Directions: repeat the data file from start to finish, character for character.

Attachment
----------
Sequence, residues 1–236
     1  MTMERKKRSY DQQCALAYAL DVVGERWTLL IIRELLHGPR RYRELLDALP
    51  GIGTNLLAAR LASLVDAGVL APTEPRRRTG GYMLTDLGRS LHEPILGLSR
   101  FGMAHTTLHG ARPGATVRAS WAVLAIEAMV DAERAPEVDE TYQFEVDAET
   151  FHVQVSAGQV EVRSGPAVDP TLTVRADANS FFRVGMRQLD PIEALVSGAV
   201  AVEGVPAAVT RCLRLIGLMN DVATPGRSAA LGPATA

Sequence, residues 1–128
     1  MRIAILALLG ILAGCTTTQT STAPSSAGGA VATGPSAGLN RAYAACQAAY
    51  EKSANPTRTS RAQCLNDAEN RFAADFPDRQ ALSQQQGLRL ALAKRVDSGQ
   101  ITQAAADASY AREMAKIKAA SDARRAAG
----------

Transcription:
Sequence, residues 1–236
     1  MTMERKKRSY DQQCALAYAL DVVGERWTLL IIRELLHGPR RYRELLDALP
    51  GIGTNLLAAR LASLVDAGVL APTEPRRRTG GYMLTDLGRS LHEPILGLSR
   101  FGMAHTTLHG ARPGATVRAS WAVLAIEAMV DAERAPEVDE TYQFEVDAET
   151  FHVQVSAGQV EVRSGPAVDP TLTVRADANS FFRVGMRQLD PIEALVSGAV
   201  AVEGVPAAVT RCLRLIGLMN DVATPGRSAA LGPATA

Sequence, residues 1–128
     1  MRIAILALLG ILAGCTTTQT STAPSSAGGA VATGPSAGLN RAYAACQAAY
    51  EKSANPTRTS RAQCLNDAEN RFAADFPDRQ ALSQQQGLRL ALAKRVDSGQ
   101  ITQAAADASY AREMAKIKAA SDARRAAG